Sociological Perspectives on Marketing Baby Formula

Fred’s University Institute for Planned Obsolescence is working on its boldest industry collaboration to date with a partnership between the international baby formula conglomerate, Big Baby, and the Department of Sociology.

The goal: monetize motherhood, then make mothers obsolete.

There was some initial pushback from the Sociology faculty about the contract with Big Baby, based on historic concerns about the role of academia in marketing infant formula in less economically developed countries (LEDCs), specifically targeting the poor.

Formula companies, most notably Nestle, used the lure of “Western culture” to entice mothers to buy expensive baby formula that was advertised as modern and scientific. But baby formula mixed with contaminated water poisoned babies. Even where there was clean water, mothers could not afford the constant expense of formula, their milk had dried up, and babies had no source of food.*

Many babies died.

Big Baby executives reached out to reluctant faculty and pointed out that since the baby formula debacle of the 1970s, there has been a cultural reversal as Western mothers learned that breastfeeding as practiced throughout the developing world was actually much healthier for their babies and themselves than the Western model of baby formula.

If anything there has been a de-Westernization of the West, a blowback of cultural imperialism. As for Nestle, it has moved on to hoarding safe water, driving up the price and leaving communities without the vital natural resource.

Big Baby has reassured the sociologists that it does not have ties to Nestle water, which has changed its name anyway, and does not intend to pursue bogus health claims for baby formula. The proposed ad campaign will embed public health messages about how breastfeeding benefits both babies and mothers. They are even hoping to get some government funding for promoting Breast Is Best and be granted dispensation to include their advertising messages in otherwise prohibited settings like hospitals.

The goal of Big Baby is not to nourish babies, but to liberate women from childcare. The marketing strategy is to research and exploit women’s desire to break from the biological gender constraints that make them the primary caretakers of babies. Big Baby looks to a future when women are not needed for the care of babies. Preliminary studies show that future generations will reject the existing constructs of gender, and Big Baby wants to be part of that.

Big Baby intends to position itself at the vanguard of a revolution where mothers will be entirely freed from the constraints of motherhood and all of their maternal labor is commoditized. With the help of the Department of Sociology, Big Baby hopes to fund studies that tap into and then amplify the growing sentiment that motherhood is a form of gender discrimination and cultural oppression.

Big Baby is just a subsidiary of another multinational corporation about to change its name, and as such it has a larger mission which is to help ensure that women are able to participate in the labor market without any other demands on their time or limits on their productivity. As an underpaid/undervalued workforce, women are essential to the profitability of not just Big Baby but all Big Industries.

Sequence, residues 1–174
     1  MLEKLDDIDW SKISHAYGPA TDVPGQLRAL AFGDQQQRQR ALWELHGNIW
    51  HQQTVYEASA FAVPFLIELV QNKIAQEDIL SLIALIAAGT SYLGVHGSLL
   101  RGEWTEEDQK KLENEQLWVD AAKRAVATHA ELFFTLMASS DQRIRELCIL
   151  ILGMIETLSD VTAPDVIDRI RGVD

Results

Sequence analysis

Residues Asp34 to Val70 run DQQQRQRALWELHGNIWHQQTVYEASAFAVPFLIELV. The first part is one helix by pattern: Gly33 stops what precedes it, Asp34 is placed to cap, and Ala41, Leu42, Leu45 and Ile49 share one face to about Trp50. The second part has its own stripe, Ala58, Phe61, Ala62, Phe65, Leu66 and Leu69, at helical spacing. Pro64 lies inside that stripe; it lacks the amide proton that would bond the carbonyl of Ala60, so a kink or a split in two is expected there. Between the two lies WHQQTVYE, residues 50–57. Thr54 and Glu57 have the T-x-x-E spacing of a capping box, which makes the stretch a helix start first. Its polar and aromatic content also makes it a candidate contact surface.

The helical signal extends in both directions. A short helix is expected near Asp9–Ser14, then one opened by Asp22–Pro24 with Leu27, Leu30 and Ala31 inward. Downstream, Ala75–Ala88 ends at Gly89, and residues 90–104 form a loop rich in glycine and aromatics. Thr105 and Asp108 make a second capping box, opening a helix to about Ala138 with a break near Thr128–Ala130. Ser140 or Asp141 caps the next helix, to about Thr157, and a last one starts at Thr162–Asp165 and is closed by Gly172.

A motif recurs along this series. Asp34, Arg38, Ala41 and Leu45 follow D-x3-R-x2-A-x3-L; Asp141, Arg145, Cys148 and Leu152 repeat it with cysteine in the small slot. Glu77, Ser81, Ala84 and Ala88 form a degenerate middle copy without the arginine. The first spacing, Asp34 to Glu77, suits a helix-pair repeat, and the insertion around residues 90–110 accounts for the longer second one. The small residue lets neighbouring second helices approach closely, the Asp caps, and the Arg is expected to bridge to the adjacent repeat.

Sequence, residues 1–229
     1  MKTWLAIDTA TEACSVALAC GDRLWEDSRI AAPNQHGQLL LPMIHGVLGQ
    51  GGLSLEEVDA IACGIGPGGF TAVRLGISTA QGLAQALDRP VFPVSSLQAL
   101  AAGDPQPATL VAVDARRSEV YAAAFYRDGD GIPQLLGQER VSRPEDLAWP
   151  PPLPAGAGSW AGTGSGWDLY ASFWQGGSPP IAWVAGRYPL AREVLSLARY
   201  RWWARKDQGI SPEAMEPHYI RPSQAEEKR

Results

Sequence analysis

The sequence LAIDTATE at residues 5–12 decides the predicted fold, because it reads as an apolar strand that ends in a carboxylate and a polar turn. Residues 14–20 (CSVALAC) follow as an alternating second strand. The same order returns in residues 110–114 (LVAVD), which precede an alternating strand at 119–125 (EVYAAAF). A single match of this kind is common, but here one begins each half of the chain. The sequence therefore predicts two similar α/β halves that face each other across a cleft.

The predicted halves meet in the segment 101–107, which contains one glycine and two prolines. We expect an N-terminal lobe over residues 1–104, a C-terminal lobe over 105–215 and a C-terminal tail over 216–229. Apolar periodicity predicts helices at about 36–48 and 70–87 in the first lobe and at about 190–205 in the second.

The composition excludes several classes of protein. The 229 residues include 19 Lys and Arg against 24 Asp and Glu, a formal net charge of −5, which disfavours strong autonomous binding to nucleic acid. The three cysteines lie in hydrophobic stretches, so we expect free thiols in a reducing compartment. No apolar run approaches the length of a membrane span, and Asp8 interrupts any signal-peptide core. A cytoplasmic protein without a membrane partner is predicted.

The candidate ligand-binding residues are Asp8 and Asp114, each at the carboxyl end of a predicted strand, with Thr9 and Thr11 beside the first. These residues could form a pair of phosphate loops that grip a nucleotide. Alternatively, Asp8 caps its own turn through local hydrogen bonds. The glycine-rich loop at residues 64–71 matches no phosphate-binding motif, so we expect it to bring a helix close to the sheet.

The Department of Anthropology, which has dwindled to two associate professors and three adjuncts, was outraged that they were not consulted on the industry collaboration and had some harsh words for the project. They warn that Big Baby is trying to co-opt progressive Gen Z ideas into a gynophobic misogynistic commercial ideology which in no way represents the views of the upcoming generation/market.

Two Work-Study students who were doing data entry in the Department of Sociology while the Big Baby deal was being put together commented that their biggest concern was not gender but the enormous environmental cost of baby formula, from production to transport and through the garbage cycle. Plastic baby bottle waste is destroying our oceans, already polluted by the container ships which transport them around the globe.

“In the future science will make it possible for anybody to give birth, regardless of gender, but the devaluation of non-male labor and the destruction of the environment — those things are forever problems,” the Work-Study student explained in a TikTok vlog about her Work-Study job.

“Mother’s are the ultimate no-waste environmentally friendly food package,” explained the other student in an Instagram post that featured a baby bottle with a shipping container inside. “And I don’t mean that as an objectification of women. We are all packages of one kind or another.”

A visiting executive from Big Baby who saw the baby bottle picture later posted on LinkedIn that he was a bit “creeped out” by the sentiment that we are all packages and felt the students should show “more respect for mothers as human beings.”

* “Why Nestle Is One Of The Most Hated Companies In The World,” Mihai Andrei.

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